For trade editors, digital is all in a day's work

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Speaking from experience, this editor knows that 12 years ago he spent 100% of his job producing content for a single monthly print magazine. That's no longer the case. Now, my time is spent producing content for digital daily news alerts, weekly newsletters, webcasts, assorted events and not one but two print brands.

But don't take my word for it. This week American Business Media released a survey of business editors and reporters showing how central digital has become to a business editor's job. (The survey was conducted online in October; 62 editors participated).

The report, “The 2010 American Business Media Editorial Survey,” found that more than 90% of respondents said their editorial team is “actively engaged” in building content for their brand's website. About 70% of respondents said their “media brand has a detailed print vs. Web strategy.”

On average, respondents said they devoted more than 60% of their time to print, more than 30% to digital and about 5% to events. The focus on producing digital content is no longer simply to have a Web presence; it is to contribute to the bottom line. More than 90% of respondents said their brand's website was increasing its revenue.

News content is the main focus on most websites, according to the survey. About 80% of respondents said their website broke news. Additionally, more than 80% said news drove most of the traffic to their website.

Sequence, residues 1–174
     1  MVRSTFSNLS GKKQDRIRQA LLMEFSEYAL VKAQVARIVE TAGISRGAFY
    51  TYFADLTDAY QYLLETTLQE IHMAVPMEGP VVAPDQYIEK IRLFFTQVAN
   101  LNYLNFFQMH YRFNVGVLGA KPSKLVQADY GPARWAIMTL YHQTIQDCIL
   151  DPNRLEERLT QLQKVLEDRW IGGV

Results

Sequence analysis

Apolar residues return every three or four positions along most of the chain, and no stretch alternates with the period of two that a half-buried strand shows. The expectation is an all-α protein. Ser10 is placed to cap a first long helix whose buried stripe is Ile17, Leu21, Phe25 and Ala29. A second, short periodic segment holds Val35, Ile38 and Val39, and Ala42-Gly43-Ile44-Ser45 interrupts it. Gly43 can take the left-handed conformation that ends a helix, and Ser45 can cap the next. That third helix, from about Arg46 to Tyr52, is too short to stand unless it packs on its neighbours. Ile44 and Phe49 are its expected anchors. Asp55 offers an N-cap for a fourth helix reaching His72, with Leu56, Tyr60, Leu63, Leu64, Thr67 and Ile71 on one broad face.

Attracting traffic requires fresh content. About 45% of respondents said they posted one to five pieces of “Web-original content” a week. About 20% said they posted six to 10 pieces, and about 15% said they posted a remarkable 50 or more pieces.

The digitally oriented content produced by editors and reporters includes more than contributing to a branded website. About 90% of respondents are “actively involved in social media,” with Facebook and Twitter being the most common.

Additionally, about 75% of respondents said their sites produced video content. More than 60% said editorial staffers blogged. Almost 60% produced content for events, and about 40% generated content for mobile applications.

On top of that, 60% of respondents said Web analytics tracking page views, unique visitors and story popularity were shared with the editorial team—with the implied expectation that future content would be honed to produce better results.

When asked what were the three greatest challenges editorial teams face, the respondents' top reply was “lack of time.”

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